As baby-boomer struggling with these changes, I would like to apologize if I have inadvertently offended you.
Mike Zagata, a DEC commissioner in the Pataki Administration and former environmental executive with Fortune 500 companies, lives in West Davenport.
Ten years ago, we might have said, if high-tech can’t solve security problems, its future is limited. Today, high-tech is the King Kong that dominates everyone, and is likely to do so for the foreseeable future.
That doesn’t mean security problems have gone away. If anything, they are more daunting and they are inescapable.
A case in point happened here in Otsego County Saturday, May 19, when a “skimmer” was discovered on an ATM at the Community Bank drive-thru on Southside Oneonta. This device was placed by someone with mischief in mind over that slot on an ATM machine where you slide your credit or debit card.
The “skimmer” will read the information on the magnetic strip on your card, and a little micro-video camera will send it to the person who put the “skimmer” in place, who can then use the data to access your credit information or to make purchases fraudulently.
It turns out, the “skimmer” was placed late on the evening before. The ATM itself diagnosed something was wrong, alerted the repair technician and turned itself off. When the technician arrived the next morning, he quickly figured out what had happened and alerted state police at Troop C, Sidney.
As it happened, the security camera caught an image of the man who placed the “skimmer,” and he looks very much like the man who placed one at another Community Bank branch in Scranton, Pa., in early February, and at a nearby PNC Bank branch in Kingston, nearby Scranton, about the same time.
The photos have been widely circulated, first in the Scranton Times; last week in Hometown Oneonta and The Freeman’s Journal. And no one’s called with an identity yet, so it’s possible that the suspect’s wearing a disguise.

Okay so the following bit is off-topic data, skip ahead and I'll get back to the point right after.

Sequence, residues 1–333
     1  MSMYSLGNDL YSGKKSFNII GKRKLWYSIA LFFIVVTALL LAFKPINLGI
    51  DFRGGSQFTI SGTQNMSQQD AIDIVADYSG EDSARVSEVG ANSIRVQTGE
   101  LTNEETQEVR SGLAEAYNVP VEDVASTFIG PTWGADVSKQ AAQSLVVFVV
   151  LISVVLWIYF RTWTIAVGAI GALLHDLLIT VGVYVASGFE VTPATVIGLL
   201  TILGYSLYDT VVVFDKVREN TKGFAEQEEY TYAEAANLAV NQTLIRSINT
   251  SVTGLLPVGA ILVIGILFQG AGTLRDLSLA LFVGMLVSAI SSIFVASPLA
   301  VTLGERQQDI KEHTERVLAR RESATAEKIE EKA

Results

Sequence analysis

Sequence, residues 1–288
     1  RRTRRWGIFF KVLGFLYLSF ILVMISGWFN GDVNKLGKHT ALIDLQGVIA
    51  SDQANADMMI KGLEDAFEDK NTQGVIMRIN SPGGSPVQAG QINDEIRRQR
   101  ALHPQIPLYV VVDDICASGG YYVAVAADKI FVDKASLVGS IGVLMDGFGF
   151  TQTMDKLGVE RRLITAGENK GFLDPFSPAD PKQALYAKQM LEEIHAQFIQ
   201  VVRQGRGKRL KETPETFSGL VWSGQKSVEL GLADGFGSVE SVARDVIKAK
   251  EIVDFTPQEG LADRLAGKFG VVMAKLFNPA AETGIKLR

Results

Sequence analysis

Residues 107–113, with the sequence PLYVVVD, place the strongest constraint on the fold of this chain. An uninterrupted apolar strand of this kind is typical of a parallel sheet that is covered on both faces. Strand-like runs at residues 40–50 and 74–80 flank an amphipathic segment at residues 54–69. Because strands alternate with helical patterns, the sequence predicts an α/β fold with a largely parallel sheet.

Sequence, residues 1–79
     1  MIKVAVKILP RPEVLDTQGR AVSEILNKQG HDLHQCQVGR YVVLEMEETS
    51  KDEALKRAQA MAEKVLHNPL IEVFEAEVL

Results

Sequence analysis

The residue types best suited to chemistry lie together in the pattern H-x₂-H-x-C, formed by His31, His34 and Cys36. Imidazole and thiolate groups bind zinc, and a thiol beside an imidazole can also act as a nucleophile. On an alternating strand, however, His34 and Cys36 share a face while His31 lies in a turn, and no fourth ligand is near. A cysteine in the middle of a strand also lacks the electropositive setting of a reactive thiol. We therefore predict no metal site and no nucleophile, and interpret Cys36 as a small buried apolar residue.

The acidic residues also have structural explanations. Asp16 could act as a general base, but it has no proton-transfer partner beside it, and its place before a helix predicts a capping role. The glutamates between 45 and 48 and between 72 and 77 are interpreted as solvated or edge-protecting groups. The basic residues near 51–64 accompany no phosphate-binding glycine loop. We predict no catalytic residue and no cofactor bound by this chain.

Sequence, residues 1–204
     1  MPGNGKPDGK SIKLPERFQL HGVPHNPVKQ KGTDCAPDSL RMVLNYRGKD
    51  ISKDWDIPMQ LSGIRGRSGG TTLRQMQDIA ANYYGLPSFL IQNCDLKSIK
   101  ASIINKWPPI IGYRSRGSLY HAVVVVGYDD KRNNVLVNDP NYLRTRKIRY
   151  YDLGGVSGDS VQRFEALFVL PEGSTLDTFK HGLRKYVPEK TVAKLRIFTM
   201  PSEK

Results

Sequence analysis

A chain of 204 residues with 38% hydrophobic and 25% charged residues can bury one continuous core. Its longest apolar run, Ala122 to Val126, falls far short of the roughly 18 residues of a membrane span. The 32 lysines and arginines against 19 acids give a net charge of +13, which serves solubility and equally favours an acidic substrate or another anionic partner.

The baseball hat helps. He’s wearing thick-rimmed glasses, and it looks like he may have a false nose.
If you Google “skimmer” devices, you’ll find they look pretty slick. It seems like they actually fit over the ATM slot and unless a customer doesn’t look closely, he or she wouldn’t be able to tell the difference.
This kind of thing – and the FBI’s “router alert” issued on Memorial Day advising computer users to restart their machines to side-track Russian trackers – has to concern everyone about the dangers of participating in our brave new technological world?
In reality, high-tech is ubiquitous. There’s no opting out.
As it happens, though, Community Bank – and the banking community, generally, no doubt – has been preparing for this and all sorts of other mischief.
One of community’s vice presidents, Hal Wentworth, quickly issued a statement advising customers of something called “Visa’s zero-liability policy” in cases of fraud or unauthorized use of accounts. When this sort of thing happens, it seems, the credit-card company’s customers are protected.
Wentworth asked anyone who suspects a data breach to alert the bank. The investigator, Capt. Scott Heggelke, said no one has come forward, so it looks like customers are in the clear.
Meanwhile, if any other problems occur, or if anyone thinks they recognize our friend with the baseball cap, call state police at 607-432-4844 and perhaps at least this specific situation will be resolved.
Even so, King-Kong will remain.